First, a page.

For the last few days I have been working from 7-11 with no breaks at all.  I am dead tired, but very happy to be here.  Even better, the office here is depending on me quite a lot, so I feel quite valuable to the production.  I do the work of three people at least.

For an example, one of the first things I needed to do was pull together a draft rehearsal schedule between now and the premiere of the show since Taiwan Productions had not started thinking through that need yet.  First, I had to get the availabilities all artists, revalidate those availabilities, draw up a matrix of the maximum number of rehearsals that this allowed us, and start negotiating with artists and rehearsal spaces for those dates.  Since the spaces weren’t available to us on all the dates and times we are requesting, I needed to make changes as necessary.  All this was necessary to ensure that any changes coming from our side will be cancellations instead of trying to schedule more rehearsals later.  As soon as this schedule was confirmed I made a master list of all artists so that our production assistant can contact them individually to confirm and finalize each rehearsal.  Nothing difficult, but extremely important to get right.

Nothing terribly difficult, but very complicated and stressful.  I never seem to know where it is all going to end up.  There is a lot of pressure to be the budget, planning, scheduling, marketing, and networking guy.  Things that need to be done quickly and correctly go through me.  It is interesting learning management skills with my assistants and everything, particularly with the language and culture differences, but so far it is ok, I think.



Spicy food here is good, the apartment I’m in puts Tokyo gaijin houses to shame.

Taiwanese girls are sexy.  It’s very different from the Mediterranean-style Korean girl sexy, but they still drop your jaw and kick your teeth out.  For example, I saw a stage setup in Ximen (the Taiwanese Shibuya) where some hiphop girls were dancing.  You can imagine how cute a setup like that would look in Japan, right?  Well here it was unashamed tits, hips, and midriffs shaking all over the place.  Kawaii it was not.

It is strange how The Flamenca and I so quickly shot off to opposite ends of the earth.  Thursday I go to Taiwan, Saturday she went to Madrid…what a life.  Things change so much and so quickly.  I think of her when I listen to her music as I fall asleep.  It keeps the Taiwanese phantoms away.  The last week we spent in Tokyo feels like a distant dream already.


The performance for the press conference went perfectly, and tomorrow Taiwan Production tells me that I will be in all the fucking papers.  I’ve already received offers to do some Taiwanese variety shows and we are proposing some advertising campaigns next week.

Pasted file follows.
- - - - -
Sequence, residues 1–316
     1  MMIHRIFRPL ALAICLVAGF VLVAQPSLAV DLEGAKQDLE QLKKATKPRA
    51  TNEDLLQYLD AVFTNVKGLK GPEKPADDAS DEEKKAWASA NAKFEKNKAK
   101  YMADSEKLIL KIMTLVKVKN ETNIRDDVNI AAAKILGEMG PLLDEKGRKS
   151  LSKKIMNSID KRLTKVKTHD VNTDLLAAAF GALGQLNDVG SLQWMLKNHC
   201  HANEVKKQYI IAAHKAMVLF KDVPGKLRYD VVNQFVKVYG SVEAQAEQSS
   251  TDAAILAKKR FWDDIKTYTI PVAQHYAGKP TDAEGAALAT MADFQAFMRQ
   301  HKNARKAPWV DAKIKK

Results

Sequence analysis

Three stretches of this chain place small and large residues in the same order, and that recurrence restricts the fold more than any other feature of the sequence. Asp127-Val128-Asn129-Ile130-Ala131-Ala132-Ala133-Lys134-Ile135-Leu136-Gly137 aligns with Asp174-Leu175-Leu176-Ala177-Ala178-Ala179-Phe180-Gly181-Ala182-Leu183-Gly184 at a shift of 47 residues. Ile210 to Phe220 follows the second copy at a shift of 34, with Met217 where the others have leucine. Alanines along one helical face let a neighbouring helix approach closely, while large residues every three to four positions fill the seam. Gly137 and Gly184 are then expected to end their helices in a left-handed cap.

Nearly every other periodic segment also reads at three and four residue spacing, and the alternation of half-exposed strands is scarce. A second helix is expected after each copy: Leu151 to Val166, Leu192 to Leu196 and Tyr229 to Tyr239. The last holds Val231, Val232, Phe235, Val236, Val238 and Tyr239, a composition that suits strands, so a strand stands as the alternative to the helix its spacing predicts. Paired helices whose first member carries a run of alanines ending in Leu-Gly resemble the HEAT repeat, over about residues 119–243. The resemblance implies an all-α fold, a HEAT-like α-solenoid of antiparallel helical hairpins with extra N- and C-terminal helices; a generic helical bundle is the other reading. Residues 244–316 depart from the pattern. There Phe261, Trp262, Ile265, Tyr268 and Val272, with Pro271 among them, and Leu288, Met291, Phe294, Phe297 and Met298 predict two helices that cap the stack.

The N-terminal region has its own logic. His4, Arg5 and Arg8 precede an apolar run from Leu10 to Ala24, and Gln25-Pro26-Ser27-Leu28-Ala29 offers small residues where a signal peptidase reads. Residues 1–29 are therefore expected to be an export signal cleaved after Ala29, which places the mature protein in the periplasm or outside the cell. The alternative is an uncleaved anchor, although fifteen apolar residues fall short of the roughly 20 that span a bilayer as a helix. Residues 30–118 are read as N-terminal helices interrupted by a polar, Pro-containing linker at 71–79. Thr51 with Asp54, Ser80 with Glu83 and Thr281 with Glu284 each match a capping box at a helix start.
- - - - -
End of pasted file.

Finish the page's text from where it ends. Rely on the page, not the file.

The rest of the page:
It didn’t go off without a hitch, however.  We were supposed to run a technical setup and rehearsal the night before at 9, but the media department was inflexible in letting us do that.  We needed to meet their schedule, on top of working for free and losing sleep the night before my performance, but we decided to make a good faith effort despite our explanation that it was not the way things were supposed to work.

Things were bordelique, we were unhappy and we didn’t get things done.  Today we had to redo a lot of the tech set-up, they were using some trademarked content of one of the shows that is in the festival without permission, and they had their magic clowns doing all kinds of strangeness.  That morning we were running around like mad, so I didn’t really get a chance to rehearse.

In the evening, things barely worked.  I had no idea when I was supposed to be ready, so I ended up naked and freezing backstage for 30 minutes before my number.  Not a good idea, really.  I had no one to tell me when I needed to be in place and on top of it all I was in a drafty overly-air conditioned hallway, the night before, one of our team members accidentally pushed an alarm button looking for a light, the marketing team said we didn’t have showers but we actually did, the bank was mad at the marketing department and so on and so on…

I stepped out on stage and was amazed at the noise… cameras whirring, shutters clicking…. I felt like I was in a typing pool.  I was just trying to get through this number that I hadn’t performed in two years.  In the end, I did it, and just about perfectly.  Better than I could have done it 2 years ago.  Fuck.  After all this time, I guess I really am a professional after all.

I was told that the press was holding their breath throughout the whole conference.  This is actually quite unusual, I am told – usually they talk on their cell phones, rustle around, look at their watches.  The comment was that my performance brought class and quality to an otherwise typically shoddy Taiwanese press conference.  There is a thing about quality.  I know people can sense it.